Rustproofing

Joined
Aug 11, 2005
Messages
10
Location
Illinois
Other members have admitted that rust is a bigger threat to our cars than choosing the wrong oil - I would be interested in anyone's opinion on the best ways to prevent rust. I have looked at websites about electrical devices (such as counteract) and various kinds of coating materials (rust bullet, rust check, etc) - does anyone have any information on whether these are helpful, or if some methods are especially good?
 
Joined
Mar 14, 2003
Messages
8,711
Location
Nothern USA
I don't see rust as being a threat to modern domestics. I have had good experience with my 81 Phoenix, rust free when traded on a 92 Grand Am, in turn it was clean when I traded it on an 02 Cavalier, which is still rust free. None of those even had the factory undercoating, just the standard treatment. Nor did they see the car wash frequently. They were all driven in much the the same salt as my 55 Nash, 57 chevy, 64 Triumph, 68 Chevelle, 71 Valiant, and 77 Chevy LUV, all rust buckets long before they were 10 years old.
 
Joined
Sep 22, 2004
Messages
1,983
Location
New Brunswick
I see far too many cars rust out before their time, cars which had lost of useful life left in them, but their bodies and undercarriages were made so unsafe due to severe rusting that they had to be taken off the road and junked. If you buy an older use car, and if they use a lot of road salt in the winter as they do up here, then rustproofing is a very good investment. There are many different methods of rustproofing and it's quite hard to determine the benefits on one method over another, but Rust Check and Royal Krown seem to be 2 popular and trusted rustproofing businesses. It can get a bit expensive, at $109.99 Cdn per year, and it's recommended that it be done every year for best protection, it can be a bit hard on the wallet but if the body is in good shape and you'd like it to stay that way for many years then rustproofing is a sound investment.
 
Joined
Aug 13, 2004
Messages
1,001
Location
Baltimore
quote:
cbird: Other members have admitted that rust is a bigger threat to our cars than choosing the wrong oil - I would be interested in anyone's opinion on the best ways to prevent rust. ....
Rustproofing on modern cars is generally pretty good. The enemies of steel are moisture and salt. Manufacturers used to try to seal panels and coat things with asphalt or rubber, and all that managed to accomplish was to keep the moisture where it could damage. It was common to grab hold of the undercoating on a loose edge and pull off a sheet with water underneath it. What I do on new cars is to go over the underbody when I service it and repair damage to whatever the coating is that came from the factory. For example, my beater is a '90 Honda Civic. I keep a can of cold galvanizing around. When I find rock or scrape damage to the underbody coating, I clean it down to bare metal and spray it with galvanizing. After I'm done doing whatever service I was going to perform on it, I spray the galvanizing with a light coating of a rubberized undercoat. I also make sure any drain holes are clear and remove pockets of wet debris that get in the nooks and crannies. When you work on old cars you've got a different set of problems. If you're planning on showing a restoration, you can't have a modern rustproofing where it can be seen. But panels that aren't showing can be cold galvanized. I also use a waxy oil over the galvanizing in some places. The only problems you run into with waxy oil is that it eventually dries out, which requires that you renew it, and under some conditions it will drip out onto the ground or where you can see it. Keep it dry and where you can't keep it dry, keep it protected. .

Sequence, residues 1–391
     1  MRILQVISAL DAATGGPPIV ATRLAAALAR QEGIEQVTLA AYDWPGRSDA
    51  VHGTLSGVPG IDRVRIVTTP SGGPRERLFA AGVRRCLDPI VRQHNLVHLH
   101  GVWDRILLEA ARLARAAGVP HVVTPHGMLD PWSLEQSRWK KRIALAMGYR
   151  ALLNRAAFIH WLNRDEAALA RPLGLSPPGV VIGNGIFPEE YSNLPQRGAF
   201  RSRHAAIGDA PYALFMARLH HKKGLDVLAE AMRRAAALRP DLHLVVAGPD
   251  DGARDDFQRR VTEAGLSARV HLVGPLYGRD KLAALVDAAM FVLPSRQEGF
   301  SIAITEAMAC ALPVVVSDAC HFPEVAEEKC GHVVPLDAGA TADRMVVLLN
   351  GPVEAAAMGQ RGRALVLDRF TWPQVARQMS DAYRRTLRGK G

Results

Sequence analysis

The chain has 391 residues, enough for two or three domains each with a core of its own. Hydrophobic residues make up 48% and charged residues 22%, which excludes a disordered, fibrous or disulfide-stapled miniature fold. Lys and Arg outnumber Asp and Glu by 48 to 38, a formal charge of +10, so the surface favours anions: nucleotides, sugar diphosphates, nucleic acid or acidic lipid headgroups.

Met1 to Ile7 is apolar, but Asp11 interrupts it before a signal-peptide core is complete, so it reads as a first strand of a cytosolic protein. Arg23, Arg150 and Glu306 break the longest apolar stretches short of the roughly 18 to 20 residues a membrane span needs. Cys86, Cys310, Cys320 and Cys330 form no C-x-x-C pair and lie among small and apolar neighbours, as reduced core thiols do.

Kestas

Staff member
Joined
Jun 4, 2002
Messages
14,037
Location
The Motor City
Do a search under the Mechanical/Maintenance forum using the keywords "Texaco Rustproofing". I had a lot to say about this subject. Washing does little to keep cars from rusting in the winter. The only effective washing regimen would be a complete washdown after salt exposure, including all the nooks and crannies of the car. And realistically, how many people are willing and able do that in the dead of winter? Most people pick a nice dry day after weeks of salt exposure to wash off their cars.
 

VNT

Joined
Sep 29, 2003
Messages
258
Location
Maine
About the only thing you can do is spend some money on proper paint on the under carraige. If you crawl under a brand new car you will see alot of it isnt properly prepped. Most of the suspension and brake hardware doesnt even have a coating on it. So if you buy new, get the puppy home directly from the dealer and paint the underside while it is new and clean. Go visit Eastwoods and buy their Chasis black paint. Any good primer followed up by the Chasis black will do you well. Now if the car is used, then I would wash it down underneath with some simple green, allow to dry. Then wire brush any rusty areas and wash that with prep sol. THen use Eastwoods Rust encapsulator paint. This is the only stuff I have scene which will adhere and stop the rust. then follow up with the chasis black. All the other rust proofing stuff is just expensive gimmicks if used on the exterior. Fluid Film used on the interior panels to prevent the rust/moisture from forming on the inside is also a good thing to use inside doors, rockers, interior rear quarters etc. Of course some cars just have poor prep and paint from the factory, I know I had a 97 Nissan RustFinder, rust just expoded on the bottom edges of the doors/rear hatch and rocker panel seems. VNT
 

Kestas

Staff member
Joined
Jun 4, 2002
Messages
14,037
Location
The Motor City